The financial services sector was the most active in IPO fundraising with five issues in total. The energy sector, which is undergoing a period of transformation in many African countries, was also fairly active, raising funds through four IPOs. Notable firms which raised funds include Viathan Engineering of Nigeria, Helios Towers Africa, and Brainworks Capital Management.

The highest number of companies, at 28, registered growth in terms of expansion in either their geographical reach, their product offering, or their capacity of production, in that order. Nigeria, South Africa, and Kenya, which are the largest economies on the continent, boasted the greatest number of expanding companies, at 8, 5, and 5 respectively.

In terms of sector-specific expansion stories, the financial services sector was the most active yet again with 8 companies, followed by the consumer services sector at 7 companies. Notable firms that saw this nature of growth include South African firm AllLife Group, Ethiopian firm Dashen Breweries, and Fan Milk of Ghana.

Inorganic expansion of top African companies

16 of the companies, meanwhile, saw inorganic growth through M&A deals valued at $30 million or higher, despite the fact that the M&A market on the continent hit a five-year low last year. The financial services, healthcare & pharmaceutical, industrial products, and the technology & telecoms sectors were all tied at the top of this segment, at three deals each.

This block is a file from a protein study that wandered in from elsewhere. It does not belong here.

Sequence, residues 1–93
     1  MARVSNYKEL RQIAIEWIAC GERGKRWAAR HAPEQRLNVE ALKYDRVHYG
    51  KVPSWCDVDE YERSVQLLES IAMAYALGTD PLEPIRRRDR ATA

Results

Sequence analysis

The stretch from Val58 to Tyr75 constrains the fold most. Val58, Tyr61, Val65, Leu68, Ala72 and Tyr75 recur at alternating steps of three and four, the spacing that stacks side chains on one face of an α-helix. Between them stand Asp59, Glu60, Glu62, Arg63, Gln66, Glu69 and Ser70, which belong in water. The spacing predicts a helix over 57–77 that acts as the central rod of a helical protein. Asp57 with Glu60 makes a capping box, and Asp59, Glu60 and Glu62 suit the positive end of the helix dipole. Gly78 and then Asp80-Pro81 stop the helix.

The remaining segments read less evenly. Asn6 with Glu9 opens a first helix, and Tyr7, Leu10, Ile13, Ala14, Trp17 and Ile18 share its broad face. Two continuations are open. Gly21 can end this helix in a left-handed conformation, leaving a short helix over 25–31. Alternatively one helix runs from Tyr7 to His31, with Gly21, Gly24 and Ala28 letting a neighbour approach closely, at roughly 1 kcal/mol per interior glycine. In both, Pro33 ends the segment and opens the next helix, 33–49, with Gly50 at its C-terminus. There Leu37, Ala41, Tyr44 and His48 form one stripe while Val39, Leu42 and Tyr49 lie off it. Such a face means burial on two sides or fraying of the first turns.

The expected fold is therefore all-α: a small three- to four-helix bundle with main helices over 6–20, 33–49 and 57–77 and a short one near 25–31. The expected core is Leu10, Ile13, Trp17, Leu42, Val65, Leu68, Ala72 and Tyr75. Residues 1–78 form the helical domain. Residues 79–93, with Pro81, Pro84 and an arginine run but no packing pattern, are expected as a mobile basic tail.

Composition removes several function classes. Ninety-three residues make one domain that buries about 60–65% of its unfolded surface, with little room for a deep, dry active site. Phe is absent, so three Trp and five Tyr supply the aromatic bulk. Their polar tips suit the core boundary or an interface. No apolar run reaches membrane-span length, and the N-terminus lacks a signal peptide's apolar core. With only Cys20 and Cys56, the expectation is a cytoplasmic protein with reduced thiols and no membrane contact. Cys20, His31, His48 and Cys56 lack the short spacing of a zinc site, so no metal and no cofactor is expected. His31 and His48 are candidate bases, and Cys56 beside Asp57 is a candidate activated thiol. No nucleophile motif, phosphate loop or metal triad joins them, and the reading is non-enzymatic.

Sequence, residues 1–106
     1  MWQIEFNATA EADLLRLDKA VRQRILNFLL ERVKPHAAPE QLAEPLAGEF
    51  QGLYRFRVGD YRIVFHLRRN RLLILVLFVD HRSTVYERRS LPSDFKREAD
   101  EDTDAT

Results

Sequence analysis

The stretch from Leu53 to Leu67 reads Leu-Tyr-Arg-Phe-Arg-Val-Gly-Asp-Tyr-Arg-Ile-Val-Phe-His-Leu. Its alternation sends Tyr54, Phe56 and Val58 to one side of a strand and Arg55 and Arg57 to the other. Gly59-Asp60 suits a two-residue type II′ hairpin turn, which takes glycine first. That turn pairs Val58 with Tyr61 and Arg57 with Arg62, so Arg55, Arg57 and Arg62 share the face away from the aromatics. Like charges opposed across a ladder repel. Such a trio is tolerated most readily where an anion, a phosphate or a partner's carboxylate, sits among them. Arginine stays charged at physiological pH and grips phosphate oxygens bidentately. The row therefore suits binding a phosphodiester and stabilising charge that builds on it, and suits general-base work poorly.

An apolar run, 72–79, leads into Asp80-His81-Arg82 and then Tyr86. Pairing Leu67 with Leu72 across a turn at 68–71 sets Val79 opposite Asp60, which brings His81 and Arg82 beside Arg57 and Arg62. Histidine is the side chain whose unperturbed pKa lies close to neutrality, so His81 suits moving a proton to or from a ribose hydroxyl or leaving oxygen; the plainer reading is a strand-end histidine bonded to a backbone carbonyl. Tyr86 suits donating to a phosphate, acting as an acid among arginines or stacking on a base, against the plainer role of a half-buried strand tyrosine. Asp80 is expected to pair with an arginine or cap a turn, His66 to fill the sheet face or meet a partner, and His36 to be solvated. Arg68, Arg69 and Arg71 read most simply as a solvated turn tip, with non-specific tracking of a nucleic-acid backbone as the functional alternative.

Firms of note in this segment include Craft Silicon of Kenya, which acquired a minority stake in EatOut; Horizon Equity partners, which acquired South African firm Dynamic Fibre; and Hygeia Nigeria, which acquired Gold Cross Hospital. 21 companies, meanwhile, saw growth through joint ventures and alliances, with industrial products emerging as the top sector (7 agreements).

Commenting on the findings of the report, CEO of PwC Africa Hein Boegman said, “By showcasing resilience and adaptability in spite of challenging environments, the story of the potential that lies within many African economies and companies demonstrates the strong fundamentals that continue to exist in the continent.”


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Nigeria is home to the most companies that are driving Africa's economic prominence

08 April 2019

As many as 360 companies across Africa have achieved unprecedented growth over the last year, to the extent that global professionals services firm PwC has placed them in its latest edition of the Companies to Inspire Africa 2019, developed in collaboration with the London Stock Exchange.